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GeoQ 08 – What is the distribution of population in Australia?



Please note: This task can be completed by hand using coloured pencils and an atlas or by accessing Google Maps.
You can download this activity as a Word (.doc) file using the links at the bottom of the page.

Data:


Figure 1 Population of Urban Centres and Rural Localities, 2006
Source: A Picture of a Nation, the Statisticians Report on the 2006 Census, 2006. (ABS cat. no. 2070.0)

Task:

1. In your own words explain the meaning of the words urban and rural.

2. Use the following information to summarise at least two changes to Australia’s population distribution between 1901 and 2006.


    Australia’s Changing Settlement Pattern 1901 – 2006
      • In 1901, 37% of Australians were in Metropolitan urban areas (includes capital cities and surrounding suburbs).
      • At the 1911 Census, 42% of the population was living in rural areas.
      • By 2006, only 12% of Australians were located in rural areas.
      • In 2006, 57% of Australians were in Metropolitan urban areas.
      • In 2006, 77% of the population was in towns and cities of over 1000 people within 50km of the coast.
    Source: A Picture of a Nation, the Statisticians Report on the 2006 Census, 2006. (ABS cat. no. 2070.0)

3. Imagine you are travelling between the places identified below. On the map provided, show the location of the main roads linking these places and label the towns.
  • Adelaide to Darwin via Alice Springs
  • Adelaide to Dubbo via Broken Hill
  • Adelaide to Perth via Kalgoorlie
  • Perth to Port Hedland via Carnarvon
  • Perth to Port Hedland via Newman (inland route)
  • Port Hedland to Darwin via Broome and Katherine
  • Darwin to Townsville via Mt Isa
  • Sydney to Darwin via Dubbo and Mt Isa
  • Sydney to Adelaide via Broken Hill
  • Melbourne to Broken Hill via Mildura
  • Hobart to Devonport (2 routes)
  • Adelaide to Melbourne, to Sydney to Brisbane to Cairns (via coastal route)

4. Draw rings around 3 areas which have no population centres shown. Shade the largest of these areas yellow.

    a) Use the scale on the map to calculate approximately how large this area is. Show your working.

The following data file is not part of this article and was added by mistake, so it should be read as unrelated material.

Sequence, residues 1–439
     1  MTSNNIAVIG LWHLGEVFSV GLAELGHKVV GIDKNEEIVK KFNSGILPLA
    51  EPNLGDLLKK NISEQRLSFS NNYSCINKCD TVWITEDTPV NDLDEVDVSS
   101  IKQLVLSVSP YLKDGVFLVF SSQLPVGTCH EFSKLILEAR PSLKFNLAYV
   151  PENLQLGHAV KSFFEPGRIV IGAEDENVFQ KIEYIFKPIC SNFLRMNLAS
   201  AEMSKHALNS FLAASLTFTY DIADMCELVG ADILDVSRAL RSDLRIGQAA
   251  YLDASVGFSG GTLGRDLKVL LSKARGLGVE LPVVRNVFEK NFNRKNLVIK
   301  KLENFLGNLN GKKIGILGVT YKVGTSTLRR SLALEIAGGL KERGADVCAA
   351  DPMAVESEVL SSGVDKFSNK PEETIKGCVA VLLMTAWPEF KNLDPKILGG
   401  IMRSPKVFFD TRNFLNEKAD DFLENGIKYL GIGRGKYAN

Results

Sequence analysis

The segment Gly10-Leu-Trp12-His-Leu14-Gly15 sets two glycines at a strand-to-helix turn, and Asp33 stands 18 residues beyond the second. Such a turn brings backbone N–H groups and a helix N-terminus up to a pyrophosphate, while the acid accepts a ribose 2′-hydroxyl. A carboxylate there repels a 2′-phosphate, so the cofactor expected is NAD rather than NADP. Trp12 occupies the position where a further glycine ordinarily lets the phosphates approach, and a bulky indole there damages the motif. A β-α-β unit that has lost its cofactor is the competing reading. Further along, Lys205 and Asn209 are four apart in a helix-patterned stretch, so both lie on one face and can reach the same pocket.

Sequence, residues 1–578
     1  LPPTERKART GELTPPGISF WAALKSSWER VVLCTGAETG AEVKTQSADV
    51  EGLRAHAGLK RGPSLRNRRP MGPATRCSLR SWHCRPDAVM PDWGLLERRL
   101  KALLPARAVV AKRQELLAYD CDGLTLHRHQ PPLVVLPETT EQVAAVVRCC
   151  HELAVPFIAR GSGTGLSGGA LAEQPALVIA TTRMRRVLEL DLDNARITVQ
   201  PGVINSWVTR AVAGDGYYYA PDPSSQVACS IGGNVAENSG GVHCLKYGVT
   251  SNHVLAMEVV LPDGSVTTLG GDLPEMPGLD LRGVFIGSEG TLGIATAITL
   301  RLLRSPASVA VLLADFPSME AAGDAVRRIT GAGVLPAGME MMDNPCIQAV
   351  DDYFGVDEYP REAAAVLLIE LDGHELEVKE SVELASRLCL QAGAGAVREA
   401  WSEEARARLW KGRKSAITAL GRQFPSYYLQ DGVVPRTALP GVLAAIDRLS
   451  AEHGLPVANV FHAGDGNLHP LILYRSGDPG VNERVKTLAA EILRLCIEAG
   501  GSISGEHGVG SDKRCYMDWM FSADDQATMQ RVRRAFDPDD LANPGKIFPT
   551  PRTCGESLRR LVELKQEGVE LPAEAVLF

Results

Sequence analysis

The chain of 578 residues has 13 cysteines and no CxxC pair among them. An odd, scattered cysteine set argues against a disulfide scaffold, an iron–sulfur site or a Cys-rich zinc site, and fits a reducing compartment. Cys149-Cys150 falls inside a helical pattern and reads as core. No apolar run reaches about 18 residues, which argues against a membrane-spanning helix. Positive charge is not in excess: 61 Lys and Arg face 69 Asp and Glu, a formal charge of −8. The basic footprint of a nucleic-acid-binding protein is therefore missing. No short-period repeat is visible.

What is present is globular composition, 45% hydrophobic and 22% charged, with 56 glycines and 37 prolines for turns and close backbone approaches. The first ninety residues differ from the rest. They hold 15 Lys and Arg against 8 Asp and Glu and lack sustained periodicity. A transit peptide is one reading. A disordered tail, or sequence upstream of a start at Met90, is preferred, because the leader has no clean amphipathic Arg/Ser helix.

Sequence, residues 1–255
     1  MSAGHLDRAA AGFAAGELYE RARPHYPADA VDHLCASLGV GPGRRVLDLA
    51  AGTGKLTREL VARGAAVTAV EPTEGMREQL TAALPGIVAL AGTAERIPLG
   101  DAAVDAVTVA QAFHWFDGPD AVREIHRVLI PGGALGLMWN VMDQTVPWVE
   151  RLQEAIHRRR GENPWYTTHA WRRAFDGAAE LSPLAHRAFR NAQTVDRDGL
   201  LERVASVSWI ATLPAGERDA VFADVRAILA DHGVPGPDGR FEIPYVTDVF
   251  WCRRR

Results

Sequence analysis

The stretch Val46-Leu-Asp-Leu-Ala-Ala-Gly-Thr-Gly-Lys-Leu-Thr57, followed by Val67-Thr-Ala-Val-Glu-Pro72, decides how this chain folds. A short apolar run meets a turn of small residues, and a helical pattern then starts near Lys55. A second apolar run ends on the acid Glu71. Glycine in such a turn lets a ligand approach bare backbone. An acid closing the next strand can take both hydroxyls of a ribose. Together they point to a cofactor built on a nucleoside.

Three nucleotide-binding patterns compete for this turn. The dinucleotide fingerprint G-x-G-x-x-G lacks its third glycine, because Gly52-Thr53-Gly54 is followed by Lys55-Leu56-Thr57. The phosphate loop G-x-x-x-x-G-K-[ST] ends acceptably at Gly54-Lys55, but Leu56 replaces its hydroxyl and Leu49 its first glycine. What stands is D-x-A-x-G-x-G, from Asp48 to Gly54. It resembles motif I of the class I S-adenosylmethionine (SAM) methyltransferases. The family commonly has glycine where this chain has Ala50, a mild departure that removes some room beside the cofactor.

b) Approximately how many times would Tasmania fit into the area you have shaded?

5. For your state or territory describe the distribution of population as shown on the map above. Include the following in your description; most people, least people, provide at least 3 place names and use the key provided to give an approximate population of at least one urban centre.

Extension:

Population density is the number of people per square kilometre. Population density is a measure of how people are spread across the land.

6. What two pieces of information are required to calculate the population density of a given state?

7. From your study of the map identify the state or states where:

  • Population density decreases from east to west
  • Population density decreases from west to east
  • Population is concentrated in the SE corner of the state
  • Population is concentrated in the SW corner of the state
  • Population density is very low
  • The population of the state is concentrated around its capital city
  • The coast is lightly populated
  • The population is concentrated along the coastline

8. From your study of the map identify the capital city with the smallest population.

9. Does this city have a population closer to 100,000, 500,000 or 1,000,000?






Download:
GeoQ_08.docGeoQ_08.doc
(Word 116 KB)




Commonwealth of Australia 2008

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